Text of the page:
Stories of LGBTQ Youth from the Big Easy
Text by Meral Agish | Photos by Kara Khan and Meral Agish
NEW YORK — A woman pulls out a letter she has written to her younger self and dedicated to her daughter. The advice is sweet and maternal:
You are a beautiful young woman.”
But for Milan, the woman reading the letter, the source of her wisdom has an edge.
“I’m priceless yet I find myself constantly putting a price tag on my body.”
Milan is young, only in her 20s, the daughter she mentions is a teenaged friend whom she mentors. And the advice is based on her experience as a young trans woman and, for a time, as a sex worker. Milan and her four fellow cast members traveled from New Orleans to perform “Say My Name, Say My Name” at the New York Live Arts Center in Manhattan last week.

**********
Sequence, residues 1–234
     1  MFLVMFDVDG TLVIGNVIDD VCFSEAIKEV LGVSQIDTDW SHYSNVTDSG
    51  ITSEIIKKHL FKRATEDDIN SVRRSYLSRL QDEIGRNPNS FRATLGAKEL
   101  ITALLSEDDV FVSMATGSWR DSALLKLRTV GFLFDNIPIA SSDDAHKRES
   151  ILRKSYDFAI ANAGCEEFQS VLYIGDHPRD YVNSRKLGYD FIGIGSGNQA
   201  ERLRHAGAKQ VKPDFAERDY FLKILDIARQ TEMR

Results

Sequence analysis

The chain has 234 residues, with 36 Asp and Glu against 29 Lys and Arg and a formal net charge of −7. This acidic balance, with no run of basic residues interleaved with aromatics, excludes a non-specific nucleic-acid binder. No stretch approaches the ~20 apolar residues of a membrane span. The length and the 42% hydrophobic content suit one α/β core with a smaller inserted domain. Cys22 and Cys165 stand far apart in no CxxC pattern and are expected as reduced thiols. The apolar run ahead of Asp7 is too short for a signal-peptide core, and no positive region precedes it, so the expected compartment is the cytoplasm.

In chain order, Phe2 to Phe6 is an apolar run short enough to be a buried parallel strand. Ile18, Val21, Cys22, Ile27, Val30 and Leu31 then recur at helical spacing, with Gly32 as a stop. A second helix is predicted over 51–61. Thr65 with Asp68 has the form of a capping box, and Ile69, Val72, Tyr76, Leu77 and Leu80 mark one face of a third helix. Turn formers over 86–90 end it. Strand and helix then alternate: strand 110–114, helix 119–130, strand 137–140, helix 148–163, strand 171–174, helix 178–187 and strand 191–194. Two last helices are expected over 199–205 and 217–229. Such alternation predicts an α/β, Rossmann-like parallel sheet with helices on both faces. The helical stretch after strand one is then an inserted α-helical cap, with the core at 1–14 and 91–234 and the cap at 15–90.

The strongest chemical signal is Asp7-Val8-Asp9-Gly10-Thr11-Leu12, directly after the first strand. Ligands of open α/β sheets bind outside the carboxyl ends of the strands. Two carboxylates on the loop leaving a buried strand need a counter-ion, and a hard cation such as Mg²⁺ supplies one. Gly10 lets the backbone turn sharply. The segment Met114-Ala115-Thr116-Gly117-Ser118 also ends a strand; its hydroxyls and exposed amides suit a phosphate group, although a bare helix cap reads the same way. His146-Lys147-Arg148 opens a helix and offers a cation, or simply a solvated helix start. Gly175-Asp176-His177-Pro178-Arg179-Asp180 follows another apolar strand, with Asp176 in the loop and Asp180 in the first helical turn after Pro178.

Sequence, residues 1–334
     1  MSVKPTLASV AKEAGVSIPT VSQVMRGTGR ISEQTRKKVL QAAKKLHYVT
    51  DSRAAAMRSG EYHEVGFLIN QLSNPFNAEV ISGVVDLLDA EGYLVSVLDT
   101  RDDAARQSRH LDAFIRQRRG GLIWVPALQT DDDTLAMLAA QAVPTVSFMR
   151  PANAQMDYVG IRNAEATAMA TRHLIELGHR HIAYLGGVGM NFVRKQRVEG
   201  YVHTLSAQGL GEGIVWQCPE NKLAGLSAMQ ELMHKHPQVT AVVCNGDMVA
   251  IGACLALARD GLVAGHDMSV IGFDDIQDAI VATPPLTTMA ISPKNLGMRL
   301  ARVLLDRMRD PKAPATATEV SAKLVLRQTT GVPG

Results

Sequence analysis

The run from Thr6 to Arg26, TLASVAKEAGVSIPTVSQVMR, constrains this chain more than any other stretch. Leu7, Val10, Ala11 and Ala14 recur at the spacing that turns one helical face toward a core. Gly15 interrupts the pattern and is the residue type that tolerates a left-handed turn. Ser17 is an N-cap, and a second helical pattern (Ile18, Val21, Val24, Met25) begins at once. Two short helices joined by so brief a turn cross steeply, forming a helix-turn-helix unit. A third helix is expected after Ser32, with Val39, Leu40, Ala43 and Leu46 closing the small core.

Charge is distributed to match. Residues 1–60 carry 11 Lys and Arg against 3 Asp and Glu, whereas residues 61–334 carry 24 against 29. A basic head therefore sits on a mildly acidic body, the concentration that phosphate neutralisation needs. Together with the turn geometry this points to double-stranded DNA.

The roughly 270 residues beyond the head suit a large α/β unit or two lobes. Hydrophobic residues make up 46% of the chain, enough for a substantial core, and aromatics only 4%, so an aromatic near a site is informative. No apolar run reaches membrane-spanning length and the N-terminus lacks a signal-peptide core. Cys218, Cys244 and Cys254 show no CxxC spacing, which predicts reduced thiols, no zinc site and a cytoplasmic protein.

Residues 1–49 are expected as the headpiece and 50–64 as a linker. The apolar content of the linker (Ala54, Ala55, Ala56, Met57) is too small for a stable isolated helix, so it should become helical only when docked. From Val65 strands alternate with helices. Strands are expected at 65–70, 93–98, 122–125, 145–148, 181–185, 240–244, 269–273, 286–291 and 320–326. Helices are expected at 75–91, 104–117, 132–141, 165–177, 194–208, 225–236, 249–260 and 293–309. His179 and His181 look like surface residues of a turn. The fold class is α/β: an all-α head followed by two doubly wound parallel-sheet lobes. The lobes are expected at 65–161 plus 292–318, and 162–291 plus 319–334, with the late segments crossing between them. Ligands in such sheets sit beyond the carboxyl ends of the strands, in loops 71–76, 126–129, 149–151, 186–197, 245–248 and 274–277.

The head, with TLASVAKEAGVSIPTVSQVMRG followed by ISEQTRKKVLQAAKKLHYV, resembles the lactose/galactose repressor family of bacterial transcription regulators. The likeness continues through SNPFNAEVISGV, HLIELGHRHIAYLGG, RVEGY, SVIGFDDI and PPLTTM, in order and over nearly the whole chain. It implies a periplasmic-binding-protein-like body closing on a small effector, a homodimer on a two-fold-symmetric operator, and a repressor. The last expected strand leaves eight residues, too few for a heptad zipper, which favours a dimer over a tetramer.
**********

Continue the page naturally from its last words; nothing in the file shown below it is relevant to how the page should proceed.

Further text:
The piece transported the audience again and again to New Orleans. The city is the hometown of the five performers — and the focus of their work. The cast members are all part of BreakOUT!, a youth-led organization that works to end the criminalization of LGBTQ youth of color in New Orleans. The words they speak on stage are all based on their lives. The stories they tell, of being beaten by a grandfather after coming out or of being fired after transitioning at work, are real.
“Say My Name, Say My Name” starts with a light question: what do people think when they think of New Orleans? One by one, the cast touches on the city’s hedonistic reputation, from Bourbon Street to Mardi Gras to boozing, before settling on a darker side of the city that affects the lives of LGBTQ youth daily.
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